‎Locked On Syracuse - Daily Podcast On Syracuse Orange Football & Basketball: Locked On: Bracket Breakdown, your guide to the College Basketball tournament on Apple Podcasts (; podcast; Locked on Syracuse)

Full breakdown on how to fill out your bracket. From the biggest upsets to the Cinderella story, and all the favorites in the NCAA Tournament. Locked On anchor Kainani Stephens is joined by Locked On SEC’s Chris Gordy, Locked On Bets host Lee Sterling, and Locked On Zags host Andy Patton to break it all down.

They also turn to some local experts of the Kentucky Wildcats, Auburn Tigers, Ohio State Buckeyes, Texas Longhorns, Texas Tech Red Raiders, Wisconsin Badgers, and more to help prepare you for March.

2021-22 Syracuse Basketball: A Season of Inches – Orange Fizz – Daily Syracuse Recruiting News & Team Coverage (; May)

It is officially over. With Selection Sunday in the rearview mirror and Syracuse’s name not on the NCAA Tournament or NIT bracket, the 2021-22 season is done. It is probably for the best that it is over. The Orange finished the year 16-17 — the first losing season in the Jim Boeheim era and maybe the beginning of mediocrity in Central New York.

When you look at the final record on paper it looks horrible. Syracuse basketball is an esteemed program that expects to win. So anything less than an NCAA Tournament berth is disappointing. However, if you take a deeper dive, you can see that this past year was a season of inches. The hard pill to swallow is the inches were never on your side.

Let’s start with the elephant in the room — Colgate. A 15 point loss to the Raiders is unacceptable. If the Orange played them again 100 times, they would probably win all 100. A second half collapse did SU in, and from there it snowballed. Cuse took that bad mojo to the Bahamas where it lost to VCU, another team it should have no business losing to. Win against Colgate and you probably beat VCU. 18-15.

Then there is the Georgetown debacle. The Hoyas somehow came back from being down seven in the second half to win by four. The worst part about it — our best friends from DC won one more game after that game and then lost 21 straight. 21! Syracuse was far and away Georgetown’s best win. There is no reason why the Orange should have lost that game. 19-14.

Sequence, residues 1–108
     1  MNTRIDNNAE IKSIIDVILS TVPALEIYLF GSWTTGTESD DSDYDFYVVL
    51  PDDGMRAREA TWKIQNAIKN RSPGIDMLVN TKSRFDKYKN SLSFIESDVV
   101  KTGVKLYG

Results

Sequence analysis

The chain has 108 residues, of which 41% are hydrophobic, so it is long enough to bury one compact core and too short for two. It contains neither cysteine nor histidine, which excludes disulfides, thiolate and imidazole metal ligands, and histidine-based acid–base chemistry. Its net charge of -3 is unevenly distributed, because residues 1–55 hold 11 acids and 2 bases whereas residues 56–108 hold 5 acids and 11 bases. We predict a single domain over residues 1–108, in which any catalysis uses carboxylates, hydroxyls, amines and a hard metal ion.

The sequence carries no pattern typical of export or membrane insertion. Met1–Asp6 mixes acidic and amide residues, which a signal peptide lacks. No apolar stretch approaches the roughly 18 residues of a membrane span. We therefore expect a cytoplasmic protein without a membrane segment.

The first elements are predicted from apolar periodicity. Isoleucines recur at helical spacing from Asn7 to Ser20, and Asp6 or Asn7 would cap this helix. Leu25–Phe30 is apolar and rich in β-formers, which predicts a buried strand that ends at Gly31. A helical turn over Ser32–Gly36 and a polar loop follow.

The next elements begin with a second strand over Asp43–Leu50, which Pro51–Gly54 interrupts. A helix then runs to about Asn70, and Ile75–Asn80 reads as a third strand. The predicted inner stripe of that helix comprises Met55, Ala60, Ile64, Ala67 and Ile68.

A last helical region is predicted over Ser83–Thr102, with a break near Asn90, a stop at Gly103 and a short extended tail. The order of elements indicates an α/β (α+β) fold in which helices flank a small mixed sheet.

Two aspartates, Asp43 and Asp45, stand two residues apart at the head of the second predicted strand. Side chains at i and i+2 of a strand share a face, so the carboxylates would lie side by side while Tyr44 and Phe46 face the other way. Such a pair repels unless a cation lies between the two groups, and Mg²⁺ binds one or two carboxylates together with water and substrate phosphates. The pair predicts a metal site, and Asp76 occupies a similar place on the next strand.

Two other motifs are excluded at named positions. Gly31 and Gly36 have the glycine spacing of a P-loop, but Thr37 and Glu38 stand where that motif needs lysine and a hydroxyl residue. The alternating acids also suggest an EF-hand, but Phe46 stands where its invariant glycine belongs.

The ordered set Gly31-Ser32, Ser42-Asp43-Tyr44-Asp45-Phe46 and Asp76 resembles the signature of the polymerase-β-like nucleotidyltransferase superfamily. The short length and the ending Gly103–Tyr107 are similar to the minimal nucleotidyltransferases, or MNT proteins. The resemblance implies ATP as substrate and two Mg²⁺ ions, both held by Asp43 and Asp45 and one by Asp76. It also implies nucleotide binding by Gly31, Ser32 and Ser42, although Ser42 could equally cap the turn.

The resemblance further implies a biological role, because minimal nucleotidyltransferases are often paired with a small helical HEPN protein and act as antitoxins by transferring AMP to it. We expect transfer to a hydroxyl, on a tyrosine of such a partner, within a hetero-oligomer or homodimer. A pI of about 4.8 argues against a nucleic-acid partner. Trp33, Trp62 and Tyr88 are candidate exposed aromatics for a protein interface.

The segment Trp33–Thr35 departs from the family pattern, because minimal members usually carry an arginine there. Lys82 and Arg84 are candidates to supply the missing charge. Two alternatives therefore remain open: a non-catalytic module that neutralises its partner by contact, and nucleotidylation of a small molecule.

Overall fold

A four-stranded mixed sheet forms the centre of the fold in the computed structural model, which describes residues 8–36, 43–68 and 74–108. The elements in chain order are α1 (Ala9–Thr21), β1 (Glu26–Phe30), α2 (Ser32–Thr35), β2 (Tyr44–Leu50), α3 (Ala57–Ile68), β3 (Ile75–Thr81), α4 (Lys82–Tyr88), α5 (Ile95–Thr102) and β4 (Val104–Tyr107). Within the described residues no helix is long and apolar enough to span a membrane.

Ogdensburg’s Luckie enjoys calling Coach K’s final home game at Duke (; Shea)

Jamie Luckie has called many memorable games in his college basketball officiating career, including those in three straight trips to the Final 4 of the NCAA Division I Men’s Basketball Tournament.

Another highlight experience came on March 5 as he was on the crew that called Duke coach Mike Krzyzewski’s final game at Cameron Indoor Stadium in Durham, N.C. A group of senior referees in the Atlantic Coast Conference officiated the game. The game was also memorable for the University of North Carolina, which posted an impressive 94-81 upset victory against its intense rival.

The Tar Heels played the spoilers in an electric atmosphere with almost 100 former Duke players and celebrities from all over the country.

Luckie and his wife, Candace, relocated from Ogdensburg to Charlotte, N.C., many years ago and raised their children Kyle, Sean and Morgan in the heart of “Tobacco Row”.

Luckie called the atmosphere “amazing” and said “it was obviously a great honor” to call the game.
He also thought that it was a fitting honor for Coach K and the impact he has had in 42 years at the helm of the Duke program, which has produced 1,196 wins and five national championships. Krzyzewski will retire at the end of the season.

“Coach K’s record speaks for itself. He has done so much for his university and for college basketball,” Luckie said. “In my opinion, he stands second to John Wooden at UCLA and that is saying a lot.”
Luckie also wanted to express his appreciation for what Coach K has done for the officials that have worked his games over the years.